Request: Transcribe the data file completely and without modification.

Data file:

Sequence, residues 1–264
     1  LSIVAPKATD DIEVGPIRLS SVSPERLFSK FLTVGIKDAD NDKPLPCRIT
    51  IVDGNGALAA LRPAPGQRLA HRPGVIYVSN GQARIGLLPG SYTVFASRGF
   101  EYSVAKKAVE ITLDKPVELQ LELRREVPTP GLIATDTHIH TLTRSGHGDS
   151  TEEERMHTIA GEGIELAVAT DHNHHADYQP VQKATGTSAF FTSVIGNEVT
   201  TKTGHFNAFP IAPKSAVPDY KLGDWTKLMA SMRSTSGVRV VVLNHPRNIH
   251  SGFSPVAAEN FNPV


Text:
Sequence, residues 1–264
     1  LSIVAPKATD DIEVGPIRLS SVSPERLFSK FLTVGIKDAD NDKPLPCRIT
    51  IVDGNGALAA LRPAPGQRLA HRPGVIYVSN GQARIGLLPG SYTVFASRGF
   101  EYSVAKKAVE ITLDKPVELQ LELRREVPTP GLIATDTHIH TLTRSGHGDS
   151  TEEERMHTIA GEGIELAVAT DHNHHADYQP VQKATGTSAF FTSVIGNEVT
   201  TKTGHFNAFP IAPKSAVPDY KLGDWTKLMA SMRSTSGVRV VVLNHPRNIH
   251  SGFSPVAAEN FNPV